Cognate Fields
The cognate exams consist of two written take-home examinations—one in each of the two "cognate fields."

  • 1. Cognate Regional Field: this exam is intended to reinforce the breadth of knowledge in the Buddhist traditions of Asia. Students of East Asian Buddhism will normally do this in the areas of South and/or Southeast Asian Buddhism, and vice versa.
  • 2. Cognate Disciplinary Field: this exam focuses on the student's primary region of study, but in a disciplinary field outside that of Buddhist Studies. Appropriate cognate disciplines include anthropology, art history, history, literature, philosophy, and so on. Thus a student of Chinese Buddhism might select Chinese art history, a student of Tibetan Buddhism might select the anthropology of Tibet, and so on.

Preparation for these exams should begin early in the student's coursework. In consultation with the mentoring committee, the students will select their two cognate areas and take at least one upper division course or graduate seminar in each area. Preparation for the qualifying exam continues with supplementary readings based on a bibliography prepared by the student in conjunction with the qualifying examination committee. This committee is responsible for setting the exam questions for the cognate written exams. The student is given 24 hours to write on a total of three questions for each exam. Each of the written exams is evaluated by all members of the examination committee.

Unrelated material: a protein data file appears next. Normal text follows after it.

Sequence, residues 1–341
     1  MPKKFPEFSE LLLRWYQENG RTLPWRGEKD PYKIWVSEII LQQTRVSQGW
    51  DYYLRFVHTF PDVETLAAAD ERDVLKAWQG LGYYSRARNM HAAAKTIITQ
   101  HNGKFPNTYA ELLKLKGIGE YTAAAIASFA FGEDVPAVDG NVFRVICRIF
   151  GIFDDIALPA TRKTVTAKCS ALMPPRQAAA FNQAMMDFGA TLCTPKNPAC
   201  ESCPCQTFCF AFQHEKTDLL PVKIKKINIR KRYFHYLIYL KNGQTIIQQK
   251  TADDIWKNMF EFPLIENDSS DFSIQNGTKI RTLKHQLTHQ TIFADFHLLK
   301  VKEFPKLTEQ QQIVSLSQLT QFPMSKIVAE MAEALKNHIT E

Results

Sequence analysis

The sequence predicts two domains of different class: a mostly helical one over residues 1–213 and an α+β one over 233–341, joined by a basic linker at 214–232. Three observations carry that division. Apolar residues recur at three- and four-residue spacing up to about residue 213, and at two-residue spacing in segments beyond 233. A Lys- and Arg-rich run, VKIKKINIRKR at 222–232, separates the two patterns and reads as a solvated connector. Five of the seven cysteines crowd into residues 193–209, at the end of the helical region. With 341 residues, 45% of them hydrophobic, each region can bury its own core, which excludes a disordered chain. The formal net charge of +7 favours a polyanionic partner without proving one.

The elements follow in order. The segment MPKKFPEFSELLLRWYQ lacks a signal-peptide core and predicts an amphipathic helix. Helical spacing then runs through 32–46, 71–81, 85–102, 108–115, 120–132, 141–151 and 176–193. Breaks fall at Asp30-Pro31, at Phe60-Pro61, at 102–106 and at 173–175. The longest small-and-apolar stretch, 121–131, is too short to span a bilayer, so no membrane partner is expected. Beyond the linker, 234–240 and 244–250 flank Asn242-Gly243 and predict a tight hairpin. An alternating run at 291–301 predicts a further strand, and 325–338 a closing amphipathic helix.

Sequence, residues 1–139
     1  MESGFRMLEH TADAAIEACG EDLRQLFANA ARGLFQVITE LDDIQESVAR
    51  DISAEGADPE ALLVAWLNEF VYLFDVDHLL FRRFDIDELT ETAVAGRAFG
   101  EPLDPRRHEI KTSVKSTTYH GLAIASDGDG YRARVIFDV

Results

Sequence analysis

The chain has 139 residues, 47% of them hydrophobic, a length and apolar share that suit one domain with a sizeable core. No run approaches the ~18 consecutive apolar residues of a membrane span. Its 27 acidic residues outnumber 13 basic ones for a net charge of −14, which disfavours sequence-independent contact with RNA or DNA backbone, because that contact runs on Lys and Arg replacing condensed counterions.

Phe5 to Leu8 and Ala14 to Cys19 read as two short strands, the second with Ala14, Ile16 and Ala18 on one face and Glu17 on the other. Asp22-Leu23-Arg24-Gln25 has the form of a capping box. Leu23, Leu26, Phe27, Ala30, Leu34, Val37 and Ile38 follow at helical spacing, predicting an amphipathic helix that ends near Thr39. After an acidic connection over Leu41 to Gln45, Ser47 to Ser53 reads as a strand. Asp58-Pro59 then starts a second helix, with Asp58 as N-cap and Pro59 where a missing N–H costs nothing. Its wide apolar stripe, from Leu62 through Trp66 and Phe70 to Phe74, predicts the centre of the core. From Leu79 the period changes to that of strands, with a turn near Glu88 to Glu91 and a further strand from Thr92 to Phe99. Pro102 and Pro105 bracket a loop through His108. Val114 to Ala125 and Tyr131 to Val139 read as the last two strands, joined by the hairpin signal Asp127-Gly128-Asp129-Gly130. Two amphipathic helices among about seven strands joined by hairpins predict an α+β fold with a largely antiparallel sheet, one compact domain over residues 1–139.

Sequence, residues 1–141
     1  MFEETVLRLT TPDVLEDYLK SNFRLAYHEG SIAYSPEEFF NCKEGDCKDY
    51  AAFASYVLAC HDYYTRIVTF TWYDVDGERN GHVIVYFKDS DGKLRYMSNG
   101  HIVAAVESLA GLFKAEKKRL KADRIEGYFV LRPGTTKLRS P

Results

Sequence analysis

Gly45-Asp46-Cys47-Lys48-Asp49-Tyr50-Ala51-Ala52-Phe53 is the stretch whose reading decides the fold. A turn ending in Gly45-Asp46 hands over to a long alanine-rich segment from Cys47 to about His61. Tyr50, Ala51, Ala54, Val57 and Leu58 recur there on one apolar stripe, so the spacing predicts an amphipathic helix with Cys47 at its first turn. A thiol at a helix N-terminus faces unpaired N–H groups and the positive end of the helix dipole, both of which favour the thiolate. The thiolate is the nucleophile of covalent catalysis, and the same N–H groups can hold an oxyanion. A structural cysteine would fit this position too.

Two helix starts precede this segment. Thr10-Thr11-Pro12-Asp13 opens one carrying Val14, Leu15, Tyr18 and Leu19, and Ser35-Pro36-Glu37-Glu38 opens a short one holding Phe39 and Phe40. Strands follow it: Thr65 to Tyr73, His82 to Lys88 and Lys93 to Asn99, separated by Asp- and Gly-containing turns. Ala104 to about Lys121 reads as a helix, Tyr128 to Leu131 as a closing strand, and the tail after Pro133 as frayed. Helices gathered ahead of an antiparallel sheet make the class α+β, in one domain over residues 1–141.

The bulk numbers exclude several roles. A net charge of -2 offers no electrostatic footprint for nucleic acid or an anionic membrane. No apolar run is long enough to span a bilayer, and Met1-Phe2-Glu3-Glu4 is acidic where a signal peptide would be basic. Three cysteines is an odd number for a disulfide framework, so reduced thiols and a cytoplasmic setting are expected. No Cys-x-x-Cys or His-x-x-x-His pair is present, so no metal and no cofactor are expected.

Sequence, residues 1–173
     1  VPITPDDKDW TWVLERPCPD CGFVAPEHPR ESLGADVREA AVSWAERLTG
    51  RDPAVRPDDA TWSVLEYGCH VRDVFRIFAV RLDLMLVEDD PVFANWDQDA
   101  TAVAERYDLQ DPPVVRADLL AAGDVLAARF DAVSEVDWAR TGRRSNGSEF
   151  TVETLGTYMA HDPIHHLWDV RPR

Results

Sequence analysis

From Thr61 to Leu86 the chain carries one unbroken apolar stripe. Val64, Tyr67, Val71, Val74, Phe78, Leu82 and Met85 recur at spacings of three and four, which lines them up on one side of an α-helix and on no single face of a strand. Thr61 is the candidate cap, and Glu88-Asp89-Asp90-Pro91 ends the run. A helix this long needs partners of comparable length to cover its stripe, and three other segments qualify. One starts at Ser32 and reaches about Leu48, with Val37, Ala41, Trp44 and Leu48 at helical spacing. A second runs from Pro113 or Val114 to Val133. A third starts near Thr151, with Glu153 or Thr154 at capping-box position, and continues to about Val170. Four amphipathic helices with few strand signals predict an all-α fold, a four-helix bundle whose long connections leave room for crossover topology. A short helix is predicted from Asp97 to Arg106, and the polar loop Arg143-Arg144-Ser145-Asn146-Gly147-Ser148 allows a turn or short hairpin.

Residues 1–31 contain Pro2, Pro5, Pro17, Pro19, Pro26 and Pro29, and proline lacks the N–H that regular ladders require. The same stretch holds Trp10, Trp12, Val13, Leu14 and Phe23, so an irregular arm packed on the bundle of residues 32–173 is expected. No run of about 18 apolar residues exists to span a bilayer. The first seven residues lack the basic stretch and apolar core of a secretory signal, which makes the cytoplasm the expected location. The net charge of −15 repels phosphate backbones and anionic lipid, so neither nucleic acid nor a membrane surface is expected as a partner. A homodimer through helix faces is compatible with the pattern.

Dissertation Prospectus
The prospectus should begin with a general review of the scholarship in the field and situate the thesis within that field. It should clearly articulate the thesis and program of research, identifying the available source material to be consulted. In framing their subject matter and thesis, students are expected to demonstrate their ability to synthesize philological, historical, and theoretical perspectives. The prospectus must include a chapter outline and a full bibliography of primary and secondary sources.

Oral Qualifying Exam